Start Up Australia opens free classes for entrepreneurs

Sponsors include American Express, MYOB, ACCI and the Fortune Institute

A startup initiative launched by the federal government and sponsored by industry players has announced a free online school for people wanting to start a business in Australia.

Federal Minister for Small Business, Bruce Billson, on Wednesday launched the not-for-profit organisation Start Up Australia. Founding sponsors include American Express, MYOB, The Fortune Institute and the Australian Chamber of Commerce and Industry.

Start Up Australia will offer a free “Entrepreneur Academy” for anyone that wants to start a business but lacks the necessary skills and confidence, the group said. The academy includes an online five-day conference with 50 Australian business leaders and a 12-week small business MBA.

The program is based on a model established in 44 countries including Canada, the UK, and the US.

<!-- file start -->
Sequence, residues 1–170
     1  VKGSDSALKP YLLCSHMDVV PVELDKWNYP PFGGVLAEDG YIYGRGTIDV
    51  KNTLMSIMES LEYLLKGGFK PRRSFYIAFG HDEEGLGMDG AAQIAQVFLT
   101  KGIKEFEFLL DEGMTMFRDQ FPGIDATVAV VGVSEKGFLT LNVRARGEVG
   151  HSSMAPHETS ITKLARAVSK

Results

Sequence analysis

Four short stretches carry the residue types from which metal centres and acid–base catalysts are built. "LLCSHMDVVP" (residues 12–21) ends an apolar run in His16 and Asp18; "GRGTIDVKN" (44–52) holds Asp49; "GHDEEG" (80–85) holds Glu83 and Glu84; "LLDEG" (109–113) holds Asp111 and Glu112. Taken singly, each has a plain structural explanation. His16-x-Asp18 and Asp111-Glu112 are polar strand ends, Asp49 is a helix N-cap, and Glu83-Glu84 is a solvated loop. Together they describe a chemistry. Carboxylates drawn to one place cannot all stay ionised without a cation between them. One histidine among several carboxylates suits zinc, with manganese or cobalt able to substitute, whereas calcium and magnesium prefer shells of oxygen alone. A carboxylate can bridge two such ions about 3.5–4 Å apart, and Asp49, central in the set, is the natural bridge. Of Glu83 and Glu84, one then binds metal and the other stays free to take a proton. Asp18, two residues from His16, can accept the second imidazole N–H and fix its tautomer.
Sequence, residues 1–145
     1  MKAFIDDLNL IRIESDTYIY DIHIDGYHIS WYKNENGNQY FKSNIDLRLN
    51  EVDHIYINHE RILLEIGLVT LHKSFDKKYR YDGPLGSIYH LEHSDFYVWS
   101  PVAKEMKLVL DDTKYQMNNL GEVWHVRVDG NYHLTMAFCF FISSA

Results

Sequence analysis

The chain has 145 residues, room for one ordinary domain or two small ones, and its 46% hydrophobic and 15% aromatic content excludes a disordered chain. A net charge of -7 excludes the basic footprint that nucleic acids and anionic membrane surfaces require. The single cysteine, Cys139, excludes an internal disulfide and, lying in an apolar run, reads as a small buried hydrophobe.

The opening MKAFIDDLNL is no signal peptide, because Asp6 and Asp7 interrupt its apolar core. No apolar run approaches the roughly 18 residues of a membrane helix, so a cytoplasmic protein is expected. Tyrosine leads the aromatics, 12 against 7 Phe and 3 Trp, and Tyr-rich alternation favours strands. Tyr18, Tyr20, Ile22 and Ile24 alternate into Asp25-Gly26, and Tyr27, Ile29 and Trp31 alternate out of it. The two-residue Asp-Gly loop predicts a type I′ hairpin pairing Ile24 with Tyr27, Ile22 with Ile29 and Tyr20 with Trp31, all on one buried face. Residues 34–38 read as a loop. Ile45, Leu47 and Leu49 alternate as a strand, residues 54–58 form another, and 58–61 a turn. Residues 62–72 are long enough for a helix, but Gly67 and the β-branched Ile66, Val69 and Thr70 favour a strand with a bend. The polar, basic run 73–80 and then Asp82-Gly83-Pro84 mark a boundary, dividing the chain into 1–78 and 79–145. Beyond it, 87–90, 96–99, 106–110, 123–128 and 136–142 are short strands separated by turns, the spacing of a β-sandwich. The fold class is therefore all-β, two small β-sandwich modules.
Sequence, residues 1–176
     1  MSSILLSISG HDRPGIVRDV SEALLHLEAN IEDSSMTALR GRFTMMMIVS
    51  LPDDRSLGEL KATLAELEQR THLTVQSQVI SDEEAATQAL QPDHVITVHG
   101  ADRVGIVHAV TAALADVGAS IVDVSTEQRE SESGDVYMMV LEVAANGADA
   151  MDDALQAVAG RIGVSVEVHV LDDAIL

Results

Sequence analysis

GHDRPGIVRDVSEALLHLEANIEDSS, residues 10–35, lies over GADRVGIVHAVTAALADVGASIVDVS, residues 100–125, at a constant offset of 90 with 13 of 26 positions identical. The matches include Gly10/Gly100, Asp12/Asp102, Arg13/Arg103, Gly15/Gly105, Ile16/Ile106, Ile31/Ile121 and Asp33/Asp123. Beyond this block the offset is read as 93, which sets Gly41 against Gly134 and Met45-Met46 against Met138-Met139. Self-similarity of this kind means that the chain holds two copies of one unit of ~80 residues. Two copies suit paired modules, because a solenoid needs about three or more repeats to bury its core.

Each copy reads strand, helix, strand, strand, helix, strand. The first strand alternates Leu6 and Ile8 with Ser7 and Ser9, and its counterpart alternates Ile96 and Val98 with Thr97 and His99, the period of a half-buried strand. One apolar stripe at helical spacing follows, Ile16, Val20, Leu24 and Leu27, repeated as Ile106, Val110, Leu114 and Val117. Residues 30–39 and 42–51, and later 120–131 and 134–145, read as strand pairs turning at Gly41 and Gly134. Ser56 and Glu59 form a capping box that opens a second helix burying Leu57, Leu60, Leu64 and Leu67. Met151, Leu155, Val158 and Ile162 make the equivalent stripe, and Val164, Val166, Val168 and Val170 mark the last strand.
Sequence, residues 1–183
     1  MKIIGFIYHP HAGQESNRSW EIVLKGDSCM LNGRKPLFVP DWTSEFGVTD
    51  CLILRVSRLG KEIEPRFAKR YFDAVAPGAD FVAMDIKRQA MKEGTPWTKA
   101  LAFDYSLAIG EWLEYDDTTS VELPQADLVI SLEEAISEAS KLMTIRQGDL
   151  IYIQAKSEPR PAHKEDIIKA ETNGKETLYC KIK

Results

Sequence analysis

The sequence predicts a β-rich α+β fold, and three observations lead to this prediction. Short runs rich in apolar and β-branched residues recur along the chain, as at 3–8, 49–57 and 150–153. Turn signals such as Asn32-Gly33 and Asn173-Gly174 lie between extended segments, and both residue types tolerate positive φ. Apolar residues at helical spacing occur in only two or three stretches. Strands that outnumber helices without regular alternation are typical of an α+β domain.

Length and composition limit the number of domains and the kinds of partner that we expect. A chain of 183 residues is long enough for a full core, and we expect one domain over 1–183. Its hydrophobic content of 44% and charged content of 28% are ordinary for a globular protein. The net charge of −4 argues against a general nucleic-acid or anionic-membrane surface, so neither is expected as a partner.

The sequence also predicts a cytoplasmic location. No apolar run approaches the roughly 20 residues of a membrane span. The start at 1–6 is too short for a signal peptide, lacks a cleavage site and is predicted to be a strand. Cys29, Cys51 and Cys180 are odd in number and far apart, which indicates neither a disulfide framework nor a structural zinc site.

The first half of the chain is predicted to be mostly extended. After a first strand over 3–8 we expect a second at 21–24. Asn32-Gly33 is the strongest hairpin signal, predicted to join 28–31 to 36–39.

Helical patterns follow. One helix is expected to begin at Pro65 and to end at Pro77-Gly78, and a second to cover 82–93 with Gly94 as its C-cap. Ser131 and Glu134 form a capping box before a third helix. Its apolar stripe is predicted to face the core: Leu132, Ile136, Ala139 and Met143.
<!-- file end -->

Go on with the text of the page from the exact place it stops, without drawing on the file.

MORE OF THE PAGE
“There are more than two million active small businesses in Australia employing around 42 per cent of private sector workers, making a vital contribution to the Australian economy,” Billson said.

“Together we need to support the inspiration behind the creation and growth of start-ups; the invention of new technologies, products and services to boost Australia’s economic activity and international competitiveness.”

American Express Australia Managing Director, Rachel Stocks, said Start Up Australia “has the potential to fuel significant growth of the Australian small business economy and we are thrilled to be part of it.”

“Anyone with the passion and dedication to see their dreams of starting a business realised deserves all the support and encouragement possible.”

MYOB CEO Tim Reed said it’s critical to inspire Australians to build startups.

“We know it takes courage, hard work and determination to start and run a business and the rising rate of insolvency shows how much encouragement today’s potential entrepreneur needs to move a business idea into reality.”

John Osborn, chief operating officer of the Australian Chamber of Commerce and Industry, also welcomed the initiative.

"At every level of government, regulation is suffocating small business and entrepreneurship. We must achieve a bipartisan commitment to making it easier for startups to establish and become successful innovators and wealth creators.”

Adam Bender covers startup and business tech issues for Techworld and is the author of dystopian sci-fi novels We, The Watched and Divided We Fall. Follow him on Twitter: @WatchAdam

Follow Techworld Australia on Twitter: @Techworld_AU

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